Gray four-eyed opossums (Philander opossum) are Neotropical marsupials with a range that extends from northeastern Mexico in Tamaulipas, to southeastern Brazil. Within this range, they may be found from Brazil's Atlantic coast, westward into Peru and Argentina and throughout Central America in tropical lowlands and the Amazon and Parana basins. (Cerqueira, 1993; Fonseca and Cerqueira, 1991; Nowak, 1999; Patton and da Silva, 2007)
Gray four-eyed opossums are found mainly in tropical forested areas such as tropical evergreen, secondary growth and gallery forests. However, they may be found in the southern portions of South America, where the habitat is more temperate. These opossums generally prefer damp areas near swamps and streams and usually reside in areas that receive more than 1,000 mm of rain per year. Gray four-eyed opossums may also be found in highly disturbed habitats near human structures or within agricultural areas such as orchards and sugar cane fields. These animals generally prefer lowland areas and are usually found below 1,000 m in elevation. They are primarily terrestrial; however, they are also proficient swimmers and are occasionally found on islands as a result. (Adler and Saemon, 1996; Brito, et al., 2008; Castro-Arellano, et al., 2000; Fonseca and Cerqueira, 1991; Patton and da Silva, 2007)
The common name, gray four-eyed opossum, is derived from their gray coat and the white spots located above each eye, which makes them appear to have four eyes. The coloration of their short, straight, soft hair is gray dorsally and off-white to yellow ventrally. Their dorsal pelage may vary slightly with their location, for instance, individuals in Mexico tend to have pale gray fur, in Central America they have dark gray fur and in Columbia they have dark brown to blackish fur. Their prehensile tail has grayish fur covering the first 50 to 60 mm from the base, the tip of their tail is naked and pale as it narrows towards the end. These animals have dark masks around their eyes, in contrast to the white coloration of their cheeks and chin. Their large, hairless ears are black along the edges. Their body length is 200 to 331 mm; with a tail length of 195 to 355 mm. Females are slightly smaller and have seven mammae within their pouch. Gray four-eyed opossums have a slender body and a large head. Their rostrum is fairly long and narrows at the tip. Their hind limbs are longer and more muscular than the forelimbs. In the wild, adults weigh between 200 and 674 g, however, captive individuals can weigh up to 1,500 g. (Castro-Arellano, et al., 2000; Julien-Laferriere and Atramentowicz, 1990; Nowak, 1999; Vieira, 1997)
There is no specific information regarding the mating systems of gray four-eyed opossums. However, members of family Didelphidae are generally considered polygynous. Males compete for reproductive females, communicating with a series of clicking noises. Didelphids show neither courtship displays nor pair bonds. (Fernandes, et al., 2010; O'Connell, 2006)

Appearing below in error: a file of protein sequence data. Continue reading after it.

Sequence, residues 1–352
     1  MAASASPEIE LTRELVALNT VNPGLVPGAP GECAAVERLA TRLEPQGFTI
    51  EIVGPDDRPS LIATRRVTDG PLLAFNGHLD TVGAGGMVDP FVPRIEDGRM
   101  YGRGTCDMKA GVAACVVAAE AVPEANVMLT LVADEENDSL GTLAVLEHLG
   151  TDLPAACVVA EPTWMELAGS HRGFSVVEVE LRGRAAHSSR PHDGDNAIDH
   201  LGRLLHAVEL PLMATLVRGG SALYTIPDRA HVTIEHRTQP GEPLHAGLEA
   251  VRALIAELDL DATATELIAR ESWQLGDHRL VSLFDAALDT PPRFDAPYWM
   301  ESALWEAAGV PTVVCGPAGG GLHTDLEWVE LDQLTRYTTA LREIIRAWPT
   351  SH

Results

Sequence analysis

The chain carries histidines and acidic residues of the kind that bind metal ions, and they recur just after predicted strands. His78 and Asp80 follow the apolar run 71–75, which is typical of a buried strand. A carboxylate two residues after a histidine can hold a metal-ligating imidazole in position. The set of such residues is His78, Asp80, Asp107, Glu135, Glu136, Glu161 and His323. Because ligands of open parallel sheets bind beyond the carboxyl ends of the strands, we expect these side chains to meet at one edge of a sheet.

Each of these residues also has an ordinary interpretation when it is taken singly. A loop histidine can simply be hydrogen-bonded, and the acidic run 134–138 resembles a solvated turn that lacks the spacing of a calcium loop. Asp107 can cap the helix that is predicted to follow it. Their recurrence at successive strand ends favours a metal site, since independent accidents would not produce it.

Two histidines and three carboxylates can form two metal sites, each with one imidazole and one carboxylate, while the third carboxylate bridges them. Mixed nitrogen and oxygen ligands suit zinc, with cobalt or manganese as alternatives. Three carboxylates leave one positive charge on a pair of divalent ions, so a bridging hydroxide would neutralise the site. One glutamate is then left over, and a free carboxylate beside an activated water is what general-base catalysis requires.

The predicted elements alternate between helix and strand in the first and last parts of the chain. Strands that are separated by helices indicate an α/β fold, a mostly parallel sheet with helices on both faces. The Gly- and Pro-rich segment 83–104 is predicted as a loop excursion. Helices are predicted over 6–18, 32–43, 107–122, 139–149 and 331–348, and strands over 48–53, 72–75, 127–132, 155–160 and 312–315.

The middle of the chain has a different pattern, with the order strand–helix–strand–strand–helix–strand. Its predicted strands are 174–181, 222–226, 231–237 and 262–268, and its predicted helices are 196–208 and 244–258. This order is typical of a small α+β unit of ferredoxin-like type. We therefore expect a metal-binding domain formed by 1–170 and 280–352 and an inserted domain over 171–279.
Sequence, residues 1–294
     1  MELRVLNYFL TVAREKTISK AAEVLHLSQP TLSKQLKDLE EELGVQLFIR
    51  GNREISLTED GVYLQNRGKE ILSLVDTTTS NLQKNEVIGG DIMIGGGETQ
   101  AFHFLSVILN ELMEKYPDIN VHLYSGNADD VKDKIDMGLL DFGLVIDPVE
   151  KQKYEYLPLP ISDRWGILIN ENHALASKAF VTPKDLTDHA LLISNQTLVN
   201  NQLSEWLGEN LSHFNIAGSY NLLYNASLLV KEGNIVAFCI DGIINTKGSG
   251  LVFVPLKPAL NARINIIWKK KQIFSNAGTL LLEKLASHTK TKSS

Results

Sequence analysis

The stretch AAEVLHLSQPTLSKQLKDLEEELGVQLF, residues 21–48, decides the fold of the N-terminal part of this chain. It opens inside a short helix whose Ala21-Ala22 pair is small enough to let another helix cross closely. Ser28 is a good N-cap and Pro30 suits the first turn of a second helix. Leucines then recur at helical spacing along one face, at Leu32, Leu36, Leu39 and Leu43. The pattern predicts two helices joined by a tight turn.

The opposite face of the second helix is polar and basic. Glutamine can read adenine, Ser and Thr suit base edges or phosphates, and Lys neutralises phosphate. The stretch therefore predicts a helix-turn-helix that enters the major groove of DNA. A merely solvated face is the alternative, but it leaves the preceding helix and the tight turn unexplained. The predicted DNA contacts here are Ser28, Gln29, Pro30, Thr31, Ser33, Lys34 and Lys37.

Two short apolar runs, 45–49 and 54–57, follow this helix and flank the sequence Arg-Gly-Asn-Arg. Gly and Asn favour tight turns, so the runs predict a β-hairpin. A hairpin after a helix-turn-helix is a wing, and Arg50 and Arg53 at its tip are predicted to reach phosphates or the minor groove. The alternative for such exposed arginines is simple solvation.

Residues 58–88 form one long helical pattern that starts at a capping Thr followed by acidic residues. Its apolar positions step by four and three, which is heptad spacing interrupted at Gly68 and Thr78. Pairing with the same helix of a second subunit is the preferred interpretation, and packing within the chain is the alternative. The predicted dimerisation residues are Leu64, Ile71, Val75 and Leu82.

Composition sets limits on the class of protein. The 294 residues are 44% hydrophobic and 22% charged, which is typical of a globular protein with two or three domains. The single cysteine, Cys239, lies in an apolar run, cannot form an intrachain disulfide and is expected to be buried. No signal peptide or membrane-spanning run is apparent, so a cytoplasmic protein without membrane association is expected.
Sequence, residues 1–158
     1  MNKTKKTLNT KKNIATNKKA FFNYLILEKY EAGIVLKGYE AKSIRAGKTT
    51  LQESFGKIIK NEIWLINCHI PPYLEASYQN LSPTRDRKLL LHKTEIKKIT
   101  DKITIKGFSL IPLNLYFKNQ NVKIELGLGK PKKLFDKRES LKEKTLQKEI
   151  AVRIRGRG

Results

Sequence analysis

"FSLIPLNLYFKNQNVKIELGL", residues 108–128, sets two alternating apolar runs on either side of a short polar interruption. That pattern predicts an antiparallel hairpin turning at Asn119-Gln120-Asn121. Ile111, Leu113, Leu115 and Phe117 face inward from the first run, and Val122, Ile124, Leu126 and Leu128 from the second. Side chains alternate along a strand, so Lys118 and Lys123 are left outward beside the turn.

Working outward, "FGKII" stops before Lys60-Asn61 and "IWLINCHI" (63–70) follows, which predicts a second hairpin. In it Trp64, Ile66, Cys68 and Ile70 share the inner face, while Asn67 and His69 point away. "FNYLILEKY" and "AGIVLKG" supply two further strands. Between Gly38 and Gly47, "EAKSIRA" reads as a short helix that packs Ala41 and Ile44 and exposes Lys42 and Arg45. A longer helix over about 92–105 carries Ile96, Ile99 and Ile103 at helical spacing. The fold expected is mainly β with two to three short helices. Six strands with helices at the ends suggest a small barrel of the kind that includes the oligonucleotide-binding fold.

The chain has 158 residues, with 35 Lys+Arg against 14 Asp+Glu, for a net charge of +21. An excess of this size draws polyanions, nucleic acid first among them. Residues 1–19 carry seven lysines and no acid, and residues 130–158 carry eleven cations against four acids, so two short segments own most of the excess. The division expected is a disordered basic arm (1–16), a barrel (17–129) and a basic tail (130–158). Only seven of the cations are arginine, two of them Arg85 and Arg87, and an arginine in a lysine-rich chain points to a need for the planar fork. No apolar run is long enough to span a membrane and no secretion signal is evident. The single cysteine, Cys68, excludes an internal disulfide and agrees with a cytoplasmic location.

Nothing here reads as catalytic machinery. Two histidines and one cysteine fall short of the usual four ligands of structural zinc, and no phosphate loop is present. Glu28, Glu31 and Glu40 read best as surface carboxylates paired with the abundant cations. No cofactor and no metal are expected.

Most populations of gray four-eyed opossums reproduce seasonally, although some may breed throughout the year, with lower levels from June to August. During the rainy season, fruit is plentiful and more young may be cared for, while during the dry season, fruit is rare and fewer young are born. Reproduction only ceases entirely when the mother's nutritional requirements are not met. These animals produce 2 to 4 litters per year, however, success is low; many pouch young do not survive, especially during the dry months. Although the gestation period of gray four-eyed opossums has not been reported, a close relative, southern four-eyed opossums (Philander frenatus), have a 13 to 14 day gestation period. Litter sizes vary from 1 to 7 young, with an average of 4 to 5 young, each weighing about 9 g. Larger females, those over 445 grams, tend to have larger litters (about 5 per birth), while smaller females, those under 445 grams, have fewer young (about 3.8). Females become sexually mature at about 6 to 7 months, while males become sexually mature around 7 months. (Adler and Saemon, 1996; Castro-Arellano, et al., 2000; Fleck and Harder, 1995; Hingst, et al., 1998; Julien-Laferriere and Atramentowicz, 1990; Nowak, 1999; Patton and da Silva, 2007)
Young gray four-eyed opossums nurse from their mother’s pouch, which contains 7 mammae. These offspring are weaned when they are 68 to 75 days old, or when they weigh between 50 to 75 grams. After being weaned, young often stay in the nest for an additional 8 to 15 days, during this time, females may become aggressive toward the young. (Castro-Arellano, et al., 2000; Hershkovitz, 1997)
Gray four-eyed opossums may live up to 2.5 years in the wild. In captivity, these animals may live for up to 3.5 years. (Castro-Arellano, et al., 2000)
Gray four-eyed opossums are primarily nocturnal; however, some populations, such as those in Suriname, exhibit diurnal activity patterns as well. These animals generally construct nests from dried leaves in the lower branches of trees, 8 to 10 m from the ground; however, nests may also be found on the ground, in burrows, in fallen logs and in abandoned homes. Their nests are globular in shape and have a diameter of approximately 30 cm. Although they are proficient climbers and swimmers, much of their activity is terrestrial. Gray four-eyed opossums use their pronounced hind limbs for scampering and jumping along the forest floor. After being released from capture, they usually use a terrestrial escape route rather than climbing trees. Unlike other opossum species, gray four-eyed opossums are often described as swift, agile and aware. (Adler and Saemon, 1996; Castro-Arellano, et al., 2000; Cerqueira, 1993; Fleck and Harder, 1995; Gentile and Cerqueira, 1995; Julien-Laferriere and Atramentowicz, 1990; Nowak, 1999; Vieira, 1997)
Although gray four-eyed opossums are solitary, these animals are generally not considered territorial, with overlapping home ranges and up to 150 individuals per km2. Their home ranges are not firmly established, animals may travel nomadically, particularly when food availability is low. In the Panama Canal Zone, their home range size was estimated at 3,400 m2. (Castro-Arellano, et al., 2000; Patton and da Silva, 2007)